FRIDAY, JULY 27: The cost of healthcare could hit $1.7 billion in less than a decade — but the pot of cash available to pay for it continues to shrink.
New statistics show that the cost of national health could balloon by 150 per cent over the current figure of $679 million a year by 2021 unless action is taken. But Bermuda’s Gross Domestic Product (GDB) — the national paycheque — has fallen since 2009.
Health Minister Zane De Silva, unveiling the latest check-up on the price of national health, said: “We cannot allow our health care costs to rise at eight to ten per cent a year.”
But he added that the National Health Plan was being designed with costs in mind and that the use of cheaper generic drugs and health promotion would also help cut expenditure.
150% spike projected
The National Health Accounts Report 2012 revealed costs are set to rocket by a massive 150 per cent by 2021 unless action is taken. That means Bermuda could be spending $1.7 billion a year — $25,900 a head — a year if costs continue to increase at current rates.
The report, prepared by the Bermuda Health Council (BHeC), warned: “Per capita health expenditure of this magnitude would be high by international standards and may not be sustainable.”
BHeC’s Dr Jennifer Attride-Stirling added: “Ways to rein in expenditure include using services appropriately and pricing those services sustainably.
“For example, appropriate use of hospital services for things like emergency care and long-term care can make a difference.
“Reduced use of expensive technologies can also help and preventing poor health will also help to control costs in the long-run.”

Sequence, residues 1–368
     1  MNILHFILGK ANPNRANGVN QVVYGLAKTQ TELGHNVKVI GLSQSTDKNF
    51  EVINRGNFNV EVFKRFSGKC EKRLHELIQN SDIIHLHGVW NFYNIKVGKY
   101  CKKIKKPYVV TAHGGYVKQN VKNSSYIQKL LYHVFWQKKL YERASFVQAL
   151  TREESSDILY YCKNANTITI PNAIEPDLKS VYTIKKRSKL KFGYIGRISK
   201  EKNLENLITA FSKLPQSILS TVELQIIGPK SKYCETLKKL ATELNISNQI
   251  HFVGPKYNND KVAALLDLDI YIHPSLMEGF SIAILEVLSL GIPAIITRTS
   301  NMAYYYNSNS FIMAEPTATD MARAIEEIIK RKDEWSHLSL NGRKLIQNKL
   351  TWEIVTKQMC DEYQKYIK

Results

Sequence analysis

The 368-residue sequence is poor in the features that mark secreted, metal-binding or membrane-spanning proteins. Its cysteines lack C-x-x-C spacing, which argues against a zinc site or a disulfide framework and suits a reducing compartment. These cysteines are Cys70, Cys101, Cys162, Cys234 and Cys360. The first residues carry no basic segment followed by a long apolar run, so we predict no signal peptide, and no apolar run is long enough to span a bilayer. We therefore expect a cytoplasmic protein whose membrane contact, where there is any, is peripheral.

The island at present spends close to 12 per cent of its GDP on healthcare – nearly $679 million or $10,570 per person, according to figures for last year.
That was an eight per cent increase on the previous year.
Dr Attride-Stirling said: “Staying on the trend we are on would present a problem for Bermuda and many countries are in a similar position, though each has its own set of challenges.
“Our challenge is that health costs have risen significantly above inflation. What we can realistically aim for is to get health cost increases in line with overall inflation, and this would enable the health system to be financially sustainable.”
The report added: “The rate of increase for healthcare expenditure exceeded the rate of increase in the nominal GDP.
“This increasing expenditure on healthcare, despite the decline in nominal GDP, indicates the resilience of healthcare expenditure to changes in economic conditions.
“In the financial year ending 2011, healthcare expenditure as a percentage of nominal GDP increased to 11.8 per cent and there are no trends observed to indicate a change in the foreseeable future.”
The report added that the average cost per person for healthcare went up from $9,734 to $10,570 between 2010 and last year.
The authors said: “These levels of average expenditure imply significant challenge to Bermuda’s low-income individuals and families. Against the backdrop of a decline in nominal GDP, a decline in Government revenues and an average change in the Consumer Price Index during 2011 of 2.7 per cent, the pace of growth in healthcare financing and expenditure may present challenges with respect to sustainability and affordability.”
Easing the burden
Mr De Silva said that up front payments for insured portions of healthcare would end at the start of next month — easing the financial burden on users.
He added: “While we have had some challenges with this legislation, I think that the healthcare providers and people of Bermuda will all benefit from it.”
The figures also show an even split between spending on health the private sector and the public sector – with around $339 million being spent by each.
The Bermuda Hospitals Board accounted for 43 per cent of total health spending – around $292 million a year — while overseas care accounted for 14 per cent of the annual budget, around $96 million.